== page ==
Watch: Justice found for 39 migrants as convictions made
Two men have been found guilty of the manslaughter of 39 Vietnamese migrants who suffocated to death as they were smuggled into the UK.
A total of 39 men and women aged between 15 and 44 were found dead in a lorry trailer in Essex on 23 October last year.
It had been transported from Zeebrugge in Belgium to Purfleet, Essex, overnight.
The Old Bailey heard the migrants died inside the airtight container after suffocating amid high temperatures in what the prosecution described as their “tomb”.
Lorry driver Eamon Harrison, 23, of County Down, Northern Ireland, and Gheorghe Nica, 43, of Basildon, Essex, were convicted on Monday of manslaughter after denying the charges.
They were also convicted of being part of a wider million-pound people-smuggling operation, alongside lorry driver Christopher Kennedy, 24, of County Amargh, Northern Ireland, and Valentin Calota, 38, of Birmingham.
The gang were motivated by greed as they aimed to make more than £1m that month.
Inside the container, temperatures would have reached 38.5C and the migrants would have had no fresh air for almost 12 hours, the court was told.
They died from oxygen starvation and the effects of increased atmospheric carbon dioxide.
Some tried to contact their families and Vietnamese police, but all in the back died.
Nguyen Tho Tuan, 25, said in a message to his family: “I’m sorry. I cannot take care of you. I’m sorry. I’m sorry. I cannot breathe.
“I want to come back to my family. Have a good life.”
Nguyen Dinh Luong, 20, said in another recording: “I cannot breathe. I’m sorry, I have to go now.”
The court was told the people smuggling group had success before the migrant deaths, with prosecutors telling jurors the price of getting smuggled over the Channel was about £10,000 per person.
Migrants wanted “a better life” in the UK, the court heard, and the gang offered “VIP” services to Vietnamese people assembling in France and Belgium.
Harrison, who was accused of taking the migrants to Zeebrugge, said he did not know they were in the back, and added he felt “s****” and “devastated” for their families.
He had previously been stopped by Border Force, which found 18 Vietnamese people sitting on boxes of waffles in his trailer, the court heard. He said he was “shocked” they were there.
Kennedy said he picked up two migrants who were shipped from Zeebrugge to Purfleet in separate runs on 11 October and 18 October, 2019, but told the court he thought they were cigarette loads.
Calota said he was paid £700 by fellow Romanian Nica to transport what he thought were cigarettes from Essex to London on 18 October, and insisted he did not hear or see migrants because he was wearing earphones, smoking with the window down and had the radio volume turned up.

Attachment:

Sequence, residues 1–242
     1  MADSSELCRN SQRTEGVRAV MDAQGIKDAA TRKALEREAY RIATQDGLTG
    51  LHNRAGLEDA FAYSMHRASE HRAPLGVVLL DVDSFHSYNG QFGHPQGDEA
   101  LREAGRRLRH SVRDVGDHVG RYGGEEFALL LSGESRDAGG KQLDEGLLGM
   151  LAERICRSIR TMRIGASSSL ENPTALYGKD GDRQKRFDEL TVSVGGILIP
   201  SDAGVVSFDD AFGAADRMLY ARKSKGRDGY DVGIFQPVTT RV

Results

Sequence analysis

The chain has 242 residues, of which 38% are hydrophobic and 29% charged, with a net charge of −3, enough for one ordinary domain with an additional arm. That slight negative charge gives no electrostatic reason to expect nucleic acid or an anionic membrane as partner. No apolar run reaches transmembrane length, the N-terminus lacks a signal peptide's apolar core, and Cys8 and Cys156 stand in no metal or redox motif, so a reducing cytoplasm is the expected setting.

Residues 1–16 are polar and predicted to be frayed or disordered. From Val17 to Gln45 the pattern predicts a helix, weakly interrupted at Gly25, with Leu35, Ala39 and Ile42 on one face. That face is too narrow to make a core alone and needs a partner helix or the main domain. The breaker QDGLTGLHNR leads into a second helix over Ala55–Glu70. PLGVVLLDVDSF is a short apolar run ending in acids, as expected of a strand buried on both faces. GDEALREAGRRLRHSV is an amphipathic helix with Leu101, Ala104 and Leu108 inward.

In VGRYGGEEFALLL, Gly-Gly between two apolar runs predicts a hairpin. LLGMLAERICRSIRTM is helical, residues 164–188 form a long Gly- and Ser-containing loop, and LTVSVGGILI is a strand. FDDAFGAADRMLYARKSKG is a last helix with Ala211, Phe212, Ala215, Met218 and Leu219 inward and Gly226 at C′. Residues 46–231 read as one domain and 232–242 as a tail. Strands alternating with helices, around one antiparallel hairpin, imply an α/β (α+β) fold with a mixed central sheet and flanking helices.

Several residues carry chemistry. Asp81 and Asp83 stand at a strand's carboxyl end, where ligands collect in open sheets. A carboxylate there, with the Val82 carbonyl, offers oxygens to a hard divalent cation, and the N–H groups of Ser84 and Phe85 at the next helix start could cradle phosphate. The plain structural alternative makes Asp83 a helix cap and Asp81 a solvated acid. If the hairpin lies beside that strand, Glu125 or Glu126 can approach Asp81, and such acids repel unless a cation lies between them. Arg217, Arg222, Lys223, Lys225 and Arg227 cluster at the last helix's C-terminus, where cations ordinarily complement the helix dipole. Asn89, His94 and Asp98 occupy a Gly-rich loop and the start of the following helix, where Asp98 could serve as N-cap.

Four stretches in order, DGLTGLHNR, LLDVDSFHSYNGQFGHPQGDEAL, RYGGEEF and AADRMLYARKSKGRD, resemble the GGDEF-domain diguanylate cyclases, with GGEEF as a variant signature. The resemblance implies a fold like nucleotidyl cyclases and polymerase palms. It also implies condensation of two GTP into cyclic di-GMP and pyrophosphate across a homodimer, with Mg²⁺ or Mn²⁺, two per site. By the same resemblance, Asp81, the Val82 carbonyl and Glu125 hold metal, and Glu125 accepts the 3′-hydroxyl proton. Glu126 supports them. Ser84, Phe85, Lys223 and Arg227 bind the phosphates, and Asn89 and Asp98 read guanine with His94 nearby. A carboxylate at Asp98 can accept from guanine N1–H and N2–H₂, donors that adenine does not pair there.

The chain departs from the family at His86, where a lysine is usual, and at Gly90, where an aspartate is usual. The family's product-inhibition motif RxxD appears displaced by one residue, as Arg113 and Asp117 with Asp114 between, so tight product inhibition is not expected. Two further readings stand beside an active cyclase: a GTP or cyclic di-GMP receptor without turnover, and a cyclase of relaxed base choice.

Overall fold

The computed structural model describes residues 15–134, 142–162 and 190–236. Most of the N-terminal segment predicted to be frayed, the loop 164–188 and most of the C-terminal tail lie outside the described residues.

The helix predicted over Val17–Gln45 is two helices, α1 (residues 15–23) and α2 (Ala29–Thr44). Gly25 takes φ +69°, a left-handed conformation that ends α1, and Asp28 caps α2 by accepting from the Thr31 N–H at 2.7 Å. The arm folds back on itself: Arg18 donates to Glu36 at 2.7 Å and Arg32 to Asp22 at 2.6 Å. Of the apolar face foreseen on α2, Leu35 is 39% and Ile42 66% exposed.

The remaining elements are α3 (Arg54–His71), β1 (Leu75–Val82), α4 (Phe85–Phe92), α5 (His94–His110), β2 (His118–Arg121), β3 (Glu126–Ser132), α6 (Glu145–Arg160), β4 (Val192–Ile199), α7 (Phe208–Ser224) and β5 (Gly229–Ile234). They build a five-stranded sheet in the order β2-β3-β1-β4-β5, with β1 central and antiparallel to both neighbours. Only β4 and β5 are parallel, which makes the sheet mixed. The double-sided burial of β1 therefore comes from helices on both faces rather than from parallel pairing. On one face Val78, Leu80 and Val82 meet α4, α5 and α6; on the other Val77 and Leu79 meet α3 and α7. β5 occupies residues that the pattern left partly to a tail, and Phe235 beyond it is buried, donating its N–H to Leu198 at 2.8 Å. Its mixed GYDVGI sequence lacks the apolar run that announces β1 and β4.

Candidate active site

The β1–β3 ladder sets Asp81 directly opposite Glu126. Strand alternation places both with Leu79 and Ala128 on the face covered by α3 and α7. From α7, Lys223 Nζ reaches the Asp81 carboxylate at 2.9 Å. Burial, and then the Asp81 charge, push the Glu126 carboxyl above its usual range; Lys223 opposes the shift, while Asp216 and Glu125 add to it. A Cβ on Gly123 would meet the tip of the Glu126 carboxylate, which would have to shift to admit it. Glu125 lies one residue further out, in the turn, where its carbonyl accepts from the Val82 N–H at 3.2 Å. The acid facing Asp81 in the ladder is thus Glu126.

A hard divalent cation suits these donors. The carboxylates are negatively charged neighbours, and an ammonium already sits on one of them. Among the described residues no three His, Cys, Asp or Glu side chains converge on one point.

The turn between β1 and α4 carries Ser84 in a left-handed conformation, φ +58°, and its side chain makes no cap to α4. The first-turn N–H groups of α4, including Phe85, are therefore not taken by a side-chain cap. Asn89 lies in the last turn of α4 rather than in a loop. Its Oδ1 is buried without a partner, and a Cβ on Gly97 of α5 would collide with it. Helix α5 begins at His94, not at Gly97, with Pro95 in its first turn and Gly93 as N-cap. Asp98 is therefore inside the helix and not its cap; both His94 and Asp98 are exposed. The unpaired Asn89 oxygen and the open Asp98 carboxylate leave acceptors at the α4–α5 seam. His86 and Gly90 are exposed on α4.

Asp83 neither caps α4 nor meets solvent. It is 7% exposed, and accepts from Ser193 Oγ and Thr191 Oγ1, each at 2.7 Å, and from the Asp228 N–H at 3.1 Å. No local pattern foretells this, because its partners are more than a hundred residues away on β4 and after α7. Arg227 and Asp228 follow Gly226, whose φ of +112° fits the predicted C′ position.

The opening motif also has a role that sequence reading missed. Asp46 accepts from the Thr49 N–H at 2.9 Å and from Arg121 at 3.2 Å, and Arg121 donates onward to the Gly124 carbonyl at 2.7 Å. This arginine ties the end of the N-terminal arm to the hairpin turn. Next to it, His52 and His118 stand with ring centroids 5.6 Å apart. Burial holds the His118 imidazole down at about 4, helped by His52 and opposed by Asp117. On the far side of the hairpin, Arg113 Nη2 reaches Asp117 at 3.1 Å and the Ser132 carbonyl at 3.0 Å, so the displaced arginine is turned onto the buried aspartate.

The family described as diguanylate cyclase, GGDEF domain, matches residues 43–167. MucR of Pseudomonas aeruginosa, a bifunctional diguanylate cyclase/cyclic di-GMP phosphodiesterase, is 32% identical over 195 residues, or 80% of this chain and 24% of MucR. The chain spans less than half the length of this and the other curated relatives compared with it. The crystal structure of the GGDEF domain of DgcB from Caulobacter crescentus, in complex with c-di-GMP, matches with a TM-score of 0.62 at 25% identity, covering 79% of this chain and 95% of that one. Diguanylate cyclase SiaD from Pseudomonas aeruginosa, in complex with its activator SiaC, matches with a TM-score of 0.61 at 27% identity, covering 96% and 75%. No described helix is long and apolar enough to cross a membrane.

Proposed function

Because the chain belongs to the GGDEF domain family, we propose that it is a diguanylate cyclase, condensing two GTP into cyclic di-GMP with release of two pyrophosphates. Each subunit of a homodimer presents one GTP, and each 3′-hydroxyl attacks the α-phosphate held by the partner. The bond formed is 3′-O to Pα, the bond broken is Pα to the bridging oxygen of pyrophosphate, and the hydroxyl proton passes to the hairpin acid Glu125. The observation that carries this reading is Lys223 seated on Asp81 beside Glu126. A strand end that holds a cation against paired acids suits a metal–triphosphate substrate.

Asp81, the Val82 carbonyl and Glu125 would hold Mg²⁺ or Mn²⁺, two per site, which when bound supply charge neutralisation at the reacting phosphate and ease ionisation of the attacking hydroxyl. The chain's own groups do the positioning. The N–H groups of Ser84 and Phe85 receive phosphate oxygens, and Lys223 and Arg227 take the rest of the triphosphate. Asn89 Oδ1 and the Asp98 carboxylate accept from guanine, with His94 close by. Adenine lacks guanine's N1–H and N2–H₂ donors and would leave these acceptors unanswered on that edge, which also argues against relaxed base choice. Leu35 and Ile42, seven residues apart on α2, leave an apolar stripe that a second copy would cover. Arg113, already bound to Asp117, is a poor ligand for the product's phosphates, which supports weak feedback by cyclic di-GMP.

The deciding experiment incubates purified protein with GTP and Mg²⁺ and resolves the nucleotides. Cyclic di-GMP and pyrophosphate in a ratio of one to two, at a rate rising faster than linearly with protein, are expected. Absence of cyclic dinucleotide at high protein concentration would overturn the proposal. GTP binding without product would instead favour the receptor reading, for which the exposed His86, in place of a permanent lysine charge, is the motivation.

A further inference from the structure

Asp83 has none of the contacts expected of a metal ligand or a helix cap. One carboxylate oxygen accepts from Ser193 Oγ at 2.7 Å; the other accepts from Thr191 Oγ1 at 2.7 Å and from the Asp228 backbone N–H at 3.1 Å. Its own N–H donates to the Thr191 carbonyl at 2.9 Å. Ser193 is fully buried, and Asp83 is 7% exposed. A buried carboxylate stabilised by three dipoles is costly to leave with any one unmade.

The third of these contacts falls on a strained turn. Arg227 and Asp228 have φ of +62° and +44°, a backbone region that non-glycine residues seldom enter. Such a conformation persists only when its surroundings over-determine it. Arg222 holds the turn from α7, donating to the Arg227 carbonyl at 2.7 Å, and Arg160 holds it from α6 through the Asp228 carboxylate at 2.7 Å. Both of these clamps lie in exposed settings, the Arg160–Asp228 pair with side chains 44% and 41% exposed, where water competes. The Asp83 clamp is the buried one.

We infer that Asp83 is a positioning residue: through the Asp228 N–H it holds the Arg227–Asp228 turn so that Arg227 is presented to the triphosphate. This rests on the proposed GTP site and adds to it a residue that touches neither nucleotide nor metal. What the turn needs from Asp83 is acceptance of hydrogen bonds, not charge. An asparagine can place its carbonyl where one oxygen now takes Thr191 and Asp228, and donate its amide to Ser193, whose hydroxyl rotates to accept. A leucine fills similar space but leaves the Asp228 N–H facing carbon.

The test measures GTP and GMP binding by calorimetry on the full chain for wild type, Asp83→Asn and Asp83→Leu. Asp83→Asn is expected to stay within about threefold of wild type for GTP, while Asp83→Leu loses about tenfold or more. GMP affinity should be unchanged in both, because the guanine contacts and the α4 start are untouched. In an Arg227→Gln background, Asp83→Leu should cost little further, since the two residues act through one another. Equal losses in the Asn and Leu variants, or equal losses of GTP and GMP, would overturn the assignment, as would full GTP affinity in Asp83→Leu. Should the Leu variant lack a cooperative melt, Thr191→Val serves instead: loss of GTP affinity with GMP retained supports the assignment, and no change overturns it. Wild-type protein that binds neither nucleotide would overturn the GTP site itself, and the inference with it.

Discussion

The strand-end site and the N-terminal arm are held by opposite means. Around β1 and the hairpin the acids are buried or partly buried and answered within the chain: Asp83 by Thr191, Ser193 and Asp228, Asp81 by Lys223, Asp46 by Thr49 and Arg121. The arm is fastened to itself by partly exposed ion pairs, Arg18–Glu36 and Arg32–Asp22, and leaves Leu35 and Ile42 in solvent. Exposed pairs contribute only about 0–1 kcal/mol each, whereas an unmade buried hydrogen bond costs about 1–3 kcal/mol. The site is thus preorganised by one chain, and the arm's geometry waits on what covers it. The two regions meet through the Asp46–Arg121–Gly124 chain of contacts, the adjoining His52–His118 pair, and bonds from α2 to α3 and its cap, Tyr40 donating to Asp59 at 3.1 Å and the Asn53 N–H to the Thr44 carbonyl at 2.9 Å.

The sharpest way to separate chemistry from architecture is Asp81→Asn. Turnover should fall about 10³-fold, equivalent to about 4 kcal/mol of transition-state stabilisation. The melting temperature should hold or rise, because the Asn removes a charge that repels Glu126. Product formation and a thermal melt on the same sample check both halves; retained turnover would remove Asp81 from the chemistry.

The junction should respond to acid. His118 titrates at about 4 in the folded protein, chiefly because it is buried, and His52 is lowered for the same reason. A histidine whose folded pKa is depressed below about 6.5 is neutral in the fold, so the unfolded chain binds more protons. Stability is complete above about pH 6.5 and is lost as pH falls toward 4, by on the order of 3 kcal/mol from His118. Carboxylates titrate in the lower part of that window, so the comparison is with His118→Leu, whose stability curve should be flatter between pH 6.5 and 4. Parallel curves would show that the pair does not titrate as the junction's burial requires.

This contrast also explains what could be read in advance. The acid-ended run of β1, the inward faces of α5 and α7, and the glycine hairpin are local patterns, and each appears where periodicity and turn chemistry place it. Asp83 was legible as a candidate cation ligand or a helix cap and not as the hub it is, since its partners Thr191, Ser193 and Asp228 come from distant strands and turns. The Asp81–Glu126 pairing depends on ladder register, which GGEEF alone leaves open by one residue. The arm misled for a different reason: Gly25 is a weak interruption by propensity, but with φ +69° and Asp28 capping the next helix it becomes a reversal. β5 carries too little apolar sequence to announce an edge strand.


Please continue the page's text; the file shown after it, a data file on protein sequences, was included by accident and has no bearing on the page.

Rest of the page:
Nica admitted a limited role in people smuggling but denied being part of the fatal run on 23 October.
Bill Emlyn Jones, prosecuting, told jurors that with £390,000 potentially made from taking the migrants – “almost all profit” – those involved would be in the loop.
He added: “It is, we say, inconceivable that serious and organised criminals would get involved in a network without precise agreement (about) how the money would be divvied up and how much money was involved.
“If any cog in the wheel does not know what they are dealing with, there is immediately and obviously a risk of the whole thing going wrong and I suggest no organised criminal group would entertain that risk for a second.”
Jurors were told Maurice Robinson, of Craigavon, who picked up the trailer of migrants in Essex before finding the migrants dead, has pleaded guilty to 39 counts of manslaughter and the conspiracy charge.
He worked for haulier boss Ronan Hughes, 41, of Armagh, who has pleaded guilty to 39 counts of manslaughter and conspiracy to assist in unlawful immigration.
Detective Chief Inspector Daniel Stoten, of Essex Police, described the gang as “greedy” but “complacent”.
He said: “You would not transport animals in that way but they were quite happy to do that and put them at significant risk.”
A total of eight people have now been convicted in Britain in relation to the tragedy to eight, with prosecutors considering more charges again three other people.
Kelly Matthews, from the Crown Prosecution Service, said: “Thirty-nine vulnerable people desperate for a new life put their trust in an unscrupulous network of people smugglers.
“Nothing can bring back the lives lost on that day or the loss caused by the horrible, unlawful and dangerous actions of these defendants.”
Watch: Essex Police 'secure justice' for migrants who died in lorry